Feeling Blue?

The last of my images from OSP is NGC6914, a small reflection nebula in Cygnus.  To be honest, this includes a lot of data captured from home in addition to what I captured at OSP.  Specifically, the majority of the image (the red areas) are hydrogen, and knowing that I could get that with a narrowband H-alpha filter from home, I didn’t shoot with that filter at OSP.

But combining the RGB and H-alpha data did not work out the way that I had hoped.  If there were no stars in the image it would be a simple matter of blending the H-a data with the red channel (perhaps even completely replacing the red data with H-alpha).  But where there are stars the narrowband data looks very different because the brightness of the stars (largely seen as the “size” of the stars) is very different in the H-alpha versus red channels because the narrowband filter passes only a small percentage of the light from stars.  I generally prefer nebula images to have the “reduced” stars you get with narrowband filters.  For example, here is the (monochromatic) H-alpha image from this data set:

The problem is that the blue region (which is, after all, the main subject of this image) does not show up at all in the H-alpha data, and anything you could do to add it back in would also add the bigger stars of the RGB data.  So for now, I have produced what is essentially the RGB image with some enhancement of the red from H-alpha data.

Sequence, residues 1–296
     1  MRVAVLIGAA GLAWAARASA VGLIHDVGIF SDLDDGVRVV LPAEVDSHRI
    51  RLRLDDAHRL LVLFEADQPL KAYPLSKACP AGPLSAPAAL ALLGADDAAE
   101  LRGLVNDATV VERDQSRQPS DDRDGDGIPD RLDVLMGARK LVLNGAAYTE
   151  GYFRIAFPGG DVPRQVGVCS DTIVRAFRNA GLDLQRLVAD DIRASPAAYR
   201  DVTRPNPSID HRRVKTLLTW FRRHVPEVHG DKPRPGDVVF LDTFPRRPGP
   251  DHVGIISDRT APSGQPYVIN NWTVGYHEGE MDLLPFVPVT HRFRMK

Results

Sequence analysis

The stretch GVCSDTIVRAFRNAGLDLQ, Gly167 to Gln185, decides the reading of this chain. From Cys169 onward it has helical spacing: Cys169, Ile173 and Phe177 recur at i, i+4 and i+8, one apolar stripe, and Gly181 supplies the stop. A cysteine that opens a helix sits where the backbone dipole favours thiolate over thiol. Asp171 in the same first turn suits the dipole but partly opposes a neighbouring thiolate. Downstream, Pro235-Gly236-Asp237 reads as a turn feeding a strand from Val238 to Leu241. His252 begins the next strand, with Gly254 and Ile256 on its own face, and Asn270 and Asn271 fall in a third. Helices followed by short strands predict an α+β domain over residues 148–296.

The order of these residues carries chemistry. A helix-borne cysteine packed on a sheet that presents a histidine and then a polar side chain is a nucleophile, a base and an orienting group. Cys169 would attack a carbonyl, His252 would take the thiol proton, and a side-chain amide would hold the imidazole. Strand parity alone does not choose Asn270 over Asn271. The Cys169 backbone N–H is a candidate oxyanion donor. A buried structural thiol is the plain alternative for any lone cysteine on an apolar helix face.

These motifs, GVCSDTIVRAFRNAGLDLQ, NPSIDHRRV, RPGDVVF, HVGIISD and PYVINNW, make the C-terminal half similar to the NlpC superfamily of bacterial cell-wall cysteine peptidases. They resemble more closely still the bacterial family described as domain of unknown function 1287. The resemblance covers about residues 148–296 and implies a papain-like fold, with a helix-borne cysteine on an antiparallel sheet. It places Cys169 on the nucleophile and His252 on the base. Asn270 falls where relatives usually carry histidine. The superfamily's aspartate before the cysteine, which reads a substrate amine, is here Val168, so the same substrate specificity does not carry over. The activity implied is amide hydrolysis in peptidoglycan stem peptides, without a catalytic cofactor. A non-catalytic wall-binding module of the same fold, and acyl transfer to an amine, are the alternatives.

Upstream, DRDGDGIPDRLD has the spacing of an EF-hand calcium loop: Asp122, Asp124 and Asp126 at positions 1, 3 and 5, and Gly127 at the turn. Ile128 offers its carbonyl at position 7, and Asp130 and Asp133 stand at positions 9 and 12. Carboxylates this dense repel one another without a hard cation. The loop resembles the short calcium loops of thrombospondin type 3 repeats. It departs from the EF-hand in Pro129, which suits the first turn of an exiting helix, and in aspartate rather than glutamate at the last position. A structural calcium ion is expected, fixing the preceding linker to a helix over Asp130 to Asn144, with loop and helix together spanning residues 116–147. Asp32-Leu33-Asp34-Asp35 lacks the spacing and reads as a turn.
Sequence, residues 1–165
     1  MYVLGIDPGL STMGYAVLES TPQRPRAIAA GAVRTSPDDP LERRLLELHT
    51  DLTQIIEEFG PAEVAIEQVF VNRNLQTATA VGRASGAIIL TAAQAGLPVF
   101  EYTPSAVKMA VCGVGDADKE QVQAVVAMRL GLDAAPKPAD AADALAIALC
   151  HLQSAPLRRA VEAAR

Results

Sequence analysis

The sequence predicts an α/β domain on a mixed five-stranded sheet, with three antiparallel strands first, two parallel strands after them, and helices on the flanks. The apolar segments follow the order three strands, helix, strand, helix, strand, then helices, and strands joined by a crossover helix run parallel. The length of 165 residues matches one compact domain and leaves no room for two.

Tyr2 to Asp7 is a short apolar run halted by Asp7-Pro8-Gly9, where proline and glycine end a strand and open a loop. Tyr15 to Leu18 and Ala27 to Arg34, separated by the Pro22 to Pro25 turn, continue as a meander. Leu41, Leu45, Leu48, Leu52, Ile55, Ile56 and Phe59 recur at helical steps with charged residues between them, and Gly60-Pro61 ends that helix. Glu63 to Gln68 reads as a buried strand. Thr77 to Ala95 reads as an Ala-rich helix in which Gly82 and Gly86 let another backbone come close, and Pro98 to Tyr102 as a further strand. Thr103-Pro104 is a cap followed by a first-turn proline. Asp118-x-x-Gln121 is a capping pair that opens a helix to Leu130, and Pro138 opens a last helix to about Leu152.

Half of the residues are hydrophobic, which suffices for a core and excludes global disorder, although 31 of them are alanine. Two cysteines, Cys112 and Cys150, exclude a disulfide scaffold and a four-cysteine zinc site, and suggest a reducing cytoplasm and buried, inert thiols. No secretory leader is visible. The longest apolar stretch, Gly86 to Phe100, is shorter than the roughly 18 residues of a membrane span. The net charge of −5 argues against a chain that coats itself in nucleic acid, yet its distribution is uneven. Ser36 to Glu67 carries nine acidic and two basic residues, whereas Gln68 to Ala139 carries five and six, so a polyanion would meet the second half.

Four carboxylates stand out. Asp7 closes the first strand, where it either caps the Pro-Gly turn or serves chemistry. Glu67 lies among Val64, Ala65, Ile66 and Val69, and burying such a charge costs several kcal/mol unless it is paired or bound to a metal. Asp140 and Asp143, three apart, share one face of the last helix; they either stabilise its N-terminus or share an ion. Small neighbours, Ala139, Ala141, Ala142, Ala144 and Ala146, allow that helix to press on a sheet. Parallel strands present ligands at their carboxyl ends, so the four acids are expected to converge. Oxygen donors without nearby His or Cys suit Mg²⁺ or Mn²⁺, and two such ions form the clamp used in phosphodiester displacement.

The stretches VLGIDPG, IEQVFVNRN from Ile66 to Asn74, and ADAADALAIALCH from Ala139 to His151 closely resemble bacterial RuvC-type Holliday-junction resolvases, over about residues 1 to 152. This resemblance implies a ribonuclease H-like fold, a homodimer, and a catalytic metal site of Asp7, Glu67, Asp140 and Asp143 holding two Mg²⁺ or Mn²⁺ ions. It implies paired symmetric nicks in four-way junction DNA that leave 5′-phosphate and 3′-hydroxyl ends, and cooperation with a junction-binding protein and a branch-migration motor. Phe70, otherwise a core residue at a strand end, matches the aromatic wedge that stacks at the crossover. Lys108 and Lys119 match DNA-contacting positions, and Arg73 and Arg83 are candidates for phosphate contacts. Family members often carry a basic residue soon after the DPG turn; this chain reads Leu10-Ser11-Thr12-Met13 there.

NGC 6914 is a small patch of blue reflection nebula in a vast sea of hydrogen emission nebula.  It is located near the star Sadr, more or less in the direction of Deneb.  It’s about 6,000 light-years from Earth.

All frames were captured with a ZWO ASI1600MM camera through a William Optics FLT-132 refractor, on a Paramount MyT mount.  The RGB data is minimal – just 8 frames of 2 minutes for each color channel.  Luminance consists of 40 frames at 2 minutes each, and 12 at 4 minutes.  The H-alpha channel is 12 frames of 15 minutes each.  The total integration time is almost 6 hours.


About Greg Marshall

I am a retired electronics engineer and after a few months of enjoying my leisure I began to miss doing product development. My astronomy hobby always needed new solutions to unique problems, so I decided that whenever I came up with a good solution I would try to make it available to others.

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